Luther Adler (May 4, 1903 – December 8, 1984) was an American actor best known for his work in theatre, but who also worked in film and television. He also directed plays on Broadway.
1 Early life and career 2 Years in the Group Theatre 3 After the Group Theatre 4 Film and television career 5 Private Life 6 Filmography
6.1 As an actor 6.2 As himself
7 Footnotes 8 References 9 External links
Early life and career Lutha Adler was born on May 4, 1903 in New York City. He was one of the six children of Russian Jewish actors Sara and Jacob P. Adler. His father was considered to be one of the founders of the Yiddish theatre in America. His siblings also worked in theatre; his sister Stella Adler achieved fame as an actress and drama teacher. His brother Jay also achieved some fame as an actor. Adler's father gave him his first acting job in the Yiddish play, Schmendrick, at the Thalia Theatre in Manhattan in 1908; Adler was then 5 years old. His first Broadway plays were The Hand of the Potter in 1921; Humoresque in 1923; Monkey Talks in 1925; Money Business and We Americans in 1926; John in 1927; Red Rust (or Rust) and Street Scene in 1929. Years in the Group Theatre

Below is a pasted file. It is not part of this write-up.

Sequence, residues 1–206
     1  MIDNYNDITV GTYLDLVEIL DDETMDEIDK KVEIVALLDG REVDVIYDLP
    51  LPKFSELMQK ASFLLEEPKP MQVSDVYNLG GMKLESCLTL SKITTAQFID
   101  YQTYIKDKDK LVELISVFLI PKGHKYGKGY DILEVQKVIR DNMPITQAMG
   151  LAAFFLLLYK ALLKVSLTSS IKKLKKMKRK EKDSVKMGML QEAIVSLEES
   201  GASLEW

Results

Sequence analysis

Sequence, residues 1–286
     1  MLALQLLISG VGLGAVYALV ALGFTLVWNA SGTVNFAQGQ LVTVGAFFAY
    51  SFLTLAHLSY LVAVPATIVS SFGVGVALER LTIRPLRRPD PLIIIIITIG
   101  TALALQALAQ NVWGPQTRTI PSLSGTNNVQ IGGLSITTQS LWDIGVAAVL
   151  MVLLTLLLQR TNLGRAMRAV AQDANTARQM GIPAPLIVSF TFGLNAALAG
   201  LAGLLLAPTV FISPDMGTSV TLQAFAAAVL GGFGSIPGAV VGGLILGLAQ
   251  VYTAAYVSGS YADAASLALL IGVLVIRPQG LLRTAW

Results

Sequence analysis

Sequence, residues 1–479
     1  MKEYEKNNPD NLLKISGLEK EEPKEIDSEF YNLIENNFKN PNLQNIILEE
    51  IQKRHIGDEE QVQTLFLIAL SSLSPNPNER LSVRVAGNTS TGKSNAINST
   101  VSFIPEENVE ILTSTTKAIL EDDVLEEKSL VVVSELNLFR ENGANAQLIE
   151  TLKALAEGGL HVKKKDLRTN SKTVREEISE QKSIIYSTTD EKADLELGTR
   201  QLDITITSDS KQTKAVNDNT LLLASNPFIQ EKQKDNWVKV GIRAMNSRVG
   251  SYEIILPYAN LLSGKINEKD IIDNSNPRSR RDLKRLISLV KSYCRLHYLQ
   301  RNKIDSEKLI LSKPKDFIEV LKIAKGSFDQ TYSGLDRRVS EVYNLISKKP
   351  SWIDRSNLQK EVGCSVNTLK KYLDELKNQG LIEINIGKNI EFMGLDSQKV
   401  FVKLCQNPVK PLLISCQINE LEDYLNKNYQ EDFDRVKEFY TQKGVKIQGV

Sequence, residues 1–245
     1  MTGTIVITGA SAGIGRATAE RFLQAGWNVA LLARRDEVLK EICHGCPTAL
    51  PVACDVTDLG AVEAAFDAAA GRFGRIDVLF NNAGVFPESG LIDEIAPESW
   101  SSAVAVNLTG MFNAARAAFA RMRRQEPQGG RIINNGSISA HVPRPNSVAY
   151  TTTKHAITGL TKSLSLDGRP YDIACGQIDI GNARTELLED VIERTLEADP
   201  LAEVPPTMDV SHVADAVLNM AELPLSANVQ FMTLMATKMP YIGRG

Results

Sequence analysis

Luther Adler (back row, second from left) with members of the Group Theatre in 1938
Luther Adler and his sister Stella in a 1936 publicity photo for their appearance in the Group Theater production of Awake and Sing!